So, I’ve picked up my pen and sketchbook again, after too long a hiatus. Okay, so these are NOT great sketches. But, they’re where I am right now. The first sketch was one of those, “draw without looking at your paper”, exercises. So, needless to say, as I was trying to capture the “negative space” surrounding my desk chair, the sketch turned out a bit wonky:
I know. Far from perfect…but there is something about it that I like, nonetheless. I looked over at my snoozing son, and thought that I should get him into my sketchbook as well:
This only SORT OF looks like him. The nose is too wide. Anyway…the I decided to do one of the exercises in the book that I mentioned before: draw the contents of your medicine cabinet. This seemed intimidating, but I thought that it was a fun idea:
Again, not great, but okay. I know that with time, I should get better at this! I also know that I have too many contact lens cases, and that I should give the inside of the cabinet a once-over, to get rid of the junk we aren’t using. A spritz of windex would also help.
So, for those of you just dabbling with the idea of getting more creativity in your life, I would suggest looking over The Creative License. I don’t want to hear, “but, I CAAAN’T”. Just do it.
Filed under: printmaking | Tags: art, artist, carborundum, collagraph, drypoint, Ink, print, printmaking, Relief print, visual art
This has been a blah week, work-wise. Most of what I’ve done, I’m not thrilled with. Last night, I had my carborundum collagraph class. I was NOT pleased with how things were turning out. Here is the result:
*insert big sigh here*
I’m NOT happy with that at all. It’s just a mess.
I made another tiny plate. I kind of like these tiny plates. This one is just 2″x3″. That’s a bit bigger than my other tiny plates, but still small. My first printing was over wiped:
So, I left more ink on it this time, and it was much better:
In general, I like these kind of plates, because I can work on them at home. I’m not very good at working in a busy studio. I know how ridiculous that sounds, but if I have to try to concentrate and think…then I need to be alone with time and space. So, if I prepare a decent looking plate in peace and quiet, I can be productive in the studio with printing. But if I don’t prepare, and try to work in the studio…I can’t do it well. I know that I have to work on this a bit, but it does made me feel pretty deflated at times. Like, right now.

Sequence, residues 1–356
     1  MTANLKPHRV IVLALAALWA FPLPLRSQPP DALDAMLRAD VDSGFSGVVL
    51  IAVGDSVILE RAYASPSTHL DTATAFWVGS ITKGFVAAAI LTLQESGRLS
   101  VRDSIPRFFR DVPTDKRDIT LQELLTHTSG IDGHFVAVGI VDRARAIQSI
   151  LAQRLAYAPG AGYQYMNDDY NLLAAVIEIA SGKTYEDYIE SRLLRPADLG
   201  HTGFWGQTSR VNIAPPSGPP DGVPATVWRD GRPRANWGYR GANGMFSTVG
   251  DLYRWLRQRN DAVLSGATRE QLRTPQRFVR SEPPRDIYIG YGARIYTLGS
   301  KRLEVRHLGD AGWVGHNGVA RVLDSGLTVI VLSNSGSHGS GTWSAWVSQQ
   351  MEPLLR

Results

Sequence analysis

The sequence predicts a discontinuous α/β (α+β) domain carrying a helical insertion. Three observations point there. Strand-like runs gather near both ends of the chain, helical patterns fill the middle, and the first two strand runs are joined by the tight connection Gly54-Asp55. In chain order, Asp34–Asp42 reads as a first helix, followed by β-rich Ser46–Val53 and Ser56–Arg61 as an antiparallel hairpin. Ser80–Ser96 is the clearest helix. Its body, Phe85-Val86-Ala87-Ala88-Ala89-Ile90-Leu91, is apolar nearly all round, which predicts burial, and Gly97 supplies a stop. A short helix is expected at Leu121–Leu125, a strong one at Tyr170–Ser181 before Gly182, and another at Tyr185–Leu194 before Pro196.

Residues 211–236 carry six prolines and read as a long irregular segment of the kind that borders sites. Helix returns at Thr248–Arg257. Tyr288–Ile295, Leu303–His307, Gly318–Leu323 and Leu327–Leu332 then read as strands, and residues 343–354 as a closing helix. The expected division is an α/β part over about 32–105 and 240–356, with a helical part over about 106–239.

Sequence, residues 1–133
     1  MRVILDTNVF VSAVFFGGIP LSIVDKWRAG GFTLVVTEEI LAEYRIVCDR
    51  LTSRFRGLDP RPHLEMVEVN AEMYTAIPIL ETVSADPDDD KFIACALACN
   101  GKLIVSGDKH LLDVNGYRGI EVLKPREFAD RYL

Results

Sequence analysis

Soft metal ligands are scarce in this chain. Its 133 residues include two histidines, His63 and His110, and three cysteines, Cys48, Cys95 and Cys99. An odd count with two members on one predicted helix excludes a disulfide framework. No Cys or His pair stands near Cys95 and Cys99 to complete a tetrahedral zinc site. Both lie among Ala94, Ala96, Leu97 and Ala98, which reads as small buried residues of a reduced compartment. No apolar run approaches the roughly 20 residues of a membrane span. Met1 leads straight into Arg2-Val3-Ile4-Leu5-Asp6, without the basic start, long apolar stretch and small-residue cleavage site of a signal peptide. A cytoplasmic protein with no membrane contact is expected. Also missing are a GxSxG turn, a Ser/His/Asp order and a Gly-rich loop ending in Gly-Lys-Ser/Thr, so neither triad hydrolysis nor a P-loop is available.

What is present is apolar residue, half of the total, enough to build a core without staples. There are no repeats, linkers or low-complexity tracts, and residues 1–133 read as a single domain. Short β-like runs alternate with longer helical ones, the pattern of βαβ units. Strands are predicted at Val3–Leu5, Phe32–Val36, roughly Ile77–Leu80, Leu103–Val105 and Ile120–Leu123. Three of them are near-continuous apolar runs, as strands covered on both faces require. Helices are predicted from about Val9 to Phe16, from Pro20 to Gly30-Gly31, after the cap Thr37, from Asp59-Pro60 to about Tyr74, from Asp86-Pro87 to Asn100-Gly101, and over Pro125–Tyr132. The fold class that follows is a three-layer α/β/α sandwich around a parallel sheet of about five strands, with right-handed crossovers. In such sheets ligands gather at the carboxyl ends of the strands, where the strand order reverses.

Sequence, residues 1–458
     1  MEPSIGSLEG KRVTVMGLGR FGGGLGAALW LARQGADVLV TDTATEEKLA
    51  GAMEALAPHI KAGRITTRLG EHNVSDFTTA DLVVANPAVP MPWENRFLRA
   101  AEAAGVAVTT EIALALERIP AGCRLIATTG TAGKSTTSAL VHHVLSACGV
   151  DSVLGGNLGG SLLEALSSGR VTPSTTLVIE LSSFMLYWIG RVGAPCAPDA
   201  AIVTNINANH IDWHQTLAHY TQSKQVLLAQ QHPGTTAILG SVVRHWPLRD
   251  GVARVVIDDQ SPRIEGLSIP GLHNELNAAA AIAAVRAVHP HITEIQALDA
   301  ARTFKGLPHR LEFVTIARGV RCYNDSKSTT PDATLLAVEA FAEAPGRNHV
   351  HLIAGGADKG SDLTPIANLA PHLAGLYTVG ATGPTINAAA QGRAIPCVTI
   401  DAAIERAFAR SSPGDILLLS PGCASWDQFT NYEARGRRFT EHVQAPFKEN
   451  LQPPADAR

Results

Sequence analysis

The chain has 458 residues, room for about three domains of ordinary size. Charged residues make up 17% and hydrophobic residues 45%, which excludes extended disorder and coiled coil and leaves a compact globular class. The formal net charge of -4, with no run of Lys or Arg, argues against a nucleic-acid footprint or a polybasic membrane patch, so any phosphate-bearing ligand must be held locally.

I’m also working on a lino print. Here’s a little preview picture:
I’m happier with these, as they are very “graphic” and “punchy”.
I know…why so blue? Well, I wasn’t thrilled with this week’s output. At least there was some experimentation, with the woodblocks and trace monotypes.
So, back to the drawing board…*SIGH*
[UPDATE: I’ve decided to throw in a trace monotype at the last minute…here it is below…definitely a work in progress…]
Filed under: printmaking | Tags: art, artist, Monotyping, print, printmaking, Relief print, visual art, Woodcut
It’s a dreary day here…lots of rain. I am experimenting with some woodcuts with trace monotypes. I had fun with this…I can see trying it again. I layered transparent woodcut prints together, then added the sketchy doodles on top. Here is the first one (sorry it’s so dark…):
I know. It’s awful. But, it’s a start! As you can see, I was also playing around with full bleed prints. Messy! Then, I made this triptych:
This has some potential, I think. I’ll have to mount these onto another paper. I’d really have to do that anyway, as this is thin, mulberry paper. Here is the last one…a bit of a mess:
Again, it’s so dark! Not much light here…I started drawing the scribbly blobs. I didn’t like them, so I switched over to the boxes. I like those better. Next time, I’ll try that type of doodle first.
I always get a bit deflated when I have visions of grandeur, only to be squashed by reality. I still don’t have the hang of relief printing at home. Actually, in general, my prints at home are not as good. There is no comparison when you use a press. I will hopefully be taking a class on relief printing, so I hope to get my questions on all of this answered. It doesn’t start for a few weeks, but I’m definitely looking forward to it.
Any helpful suggestions from any relief printers out there? I think that I needed to seal the woodblocks better, as the impressions were “grainy”, instead of uniform. grrrr.